A quite exceptional event, “Vides” (Voids) is a retrospective of empty exhibitions since that of Yves Klein in 1958. In almost a dozen rooms of the National Museum of Modern Art, it assembles in a totally original manner exhibitions that showed absolutely nothing, leaving empty the space for which they were designed.
The idea of exhibiting emptiness is a recurring notion in the history of art over the past fifty or so years, almost to the point of becoming a cliché in the practice of contemporary art. Since the exhibition by Yves Klein – “The Specialization of Sensibility in the Raw Material State of Stabilized Pictorial Sensibility” in Paris in 1958, totally empty exhibitions have been the statement of different conceptions of vacuums.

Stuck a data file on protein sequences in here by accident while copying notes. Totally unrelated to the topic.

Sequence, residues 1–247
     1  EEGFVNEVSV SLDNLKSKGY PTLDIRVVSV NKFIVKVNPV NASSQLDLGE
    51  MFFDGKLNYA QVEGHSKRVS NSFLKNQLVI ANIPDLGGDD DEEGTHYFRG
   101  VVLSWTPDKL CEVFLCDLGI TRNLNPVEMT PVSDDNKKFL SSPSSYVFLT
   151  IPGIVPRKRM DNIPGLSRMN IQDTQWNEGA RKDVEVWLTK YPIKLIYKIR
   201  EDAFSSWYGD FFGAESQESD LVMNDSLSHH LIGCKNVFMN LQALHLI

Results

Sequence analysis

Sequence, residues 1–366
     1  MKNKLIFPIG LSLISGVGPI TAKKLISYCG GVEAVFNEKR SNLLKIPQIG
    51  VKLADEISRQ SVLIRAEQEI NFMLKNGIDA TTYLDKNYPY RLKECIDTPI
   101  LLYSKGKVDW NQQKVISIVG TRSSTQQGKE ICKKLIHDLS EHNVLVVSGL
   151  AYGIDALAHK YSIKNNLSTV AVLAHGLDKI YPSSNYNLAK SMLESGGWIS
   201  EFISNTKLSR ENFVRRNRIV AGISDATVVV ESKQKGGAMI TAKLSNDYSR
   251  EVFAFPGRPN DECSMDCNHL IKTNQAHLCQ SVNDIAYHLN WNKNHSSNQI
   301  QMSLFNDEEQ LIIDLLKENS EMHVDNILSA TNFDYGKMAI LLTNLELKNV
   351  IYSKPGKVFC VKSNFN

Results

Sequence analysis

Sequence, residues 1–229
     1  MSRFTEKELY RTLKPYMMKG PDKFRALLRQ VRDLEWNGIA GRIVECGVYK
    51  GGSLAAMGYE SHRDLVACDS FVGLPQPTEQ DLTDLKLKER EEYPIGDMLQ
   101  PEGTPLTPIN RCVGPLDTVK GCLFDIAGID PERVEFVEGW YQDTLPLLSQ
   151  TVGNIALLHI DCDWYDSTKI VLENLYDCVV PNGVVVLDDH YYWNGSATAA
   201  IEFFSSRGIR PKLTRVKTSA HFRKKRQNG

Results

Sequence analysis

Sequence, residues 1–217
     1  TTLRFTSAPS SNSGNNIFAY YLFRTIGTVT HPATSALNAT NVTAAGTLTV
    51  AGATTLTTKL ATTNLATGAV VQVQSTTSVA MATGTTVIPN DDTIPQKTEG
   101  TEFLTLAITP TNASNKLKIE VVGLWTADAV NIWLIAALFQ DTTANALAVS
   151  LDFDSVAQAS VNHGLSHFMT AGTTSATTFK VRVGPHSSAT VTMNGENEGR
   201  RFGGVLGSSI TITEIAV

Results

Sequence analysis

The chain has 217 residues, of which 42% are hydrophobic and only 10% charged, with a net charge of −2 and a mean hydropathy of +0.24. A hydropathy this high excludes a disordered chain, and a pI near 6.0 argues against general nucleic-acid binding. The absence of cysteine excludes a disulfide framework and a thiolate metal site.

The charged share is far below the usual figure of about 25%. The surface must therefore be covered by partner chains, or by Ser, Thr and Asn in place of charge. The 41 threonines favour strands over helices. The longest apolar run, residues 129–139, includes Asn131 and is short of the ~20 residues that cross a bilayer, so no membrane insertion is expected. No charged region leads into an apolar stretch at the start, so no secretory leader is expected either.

While for Yves Klein it was a way to point out the sensitive state, by contrast it represents the peak of conceptual and minimal art for Robert Barry with “Some places to which we can come, and for a while ‘be free to think about what we are going to do’ (Marcuse)” (1970). It may also result from the desire to fudge the understanding of exhibition spaces, as in the work “The Air-Conditioning Show” from Art & Language (1966-1967), or to empty an institution to modify our experience, as in the work by Stanley Brouwn. It also reflects the will to create the experience of the qualities of an exhibition venue, as with Robert Irwin and his exhibition at the ACE Gallery in 1970, or with Maria Nordman at her exhibition in Krefeld in 1984. Emptiness also represents a form of radicalness, like that created by Laurie Parsons in 1990 at the Lorence-Monk gallery, which announced his renouncement of all artistic practice. For Bethan Huws and his work “Haus Esters Piece” (1993), emptiness means being able to celebrate the museum’s architecture, signifying that art is already there on site and there is no need to add works of art. Emptiness assumes almost a sense of economic demand for Maria Eichhorn who, in leaving her exhibition empty at the Kunsthalle Bern in 2001, helped to devote the budget to the building’s renovation. With “More Silent than Ever” (2006), Roman Ondák, for his part, had the onlooker believing that there is more than what is just left there to be seen.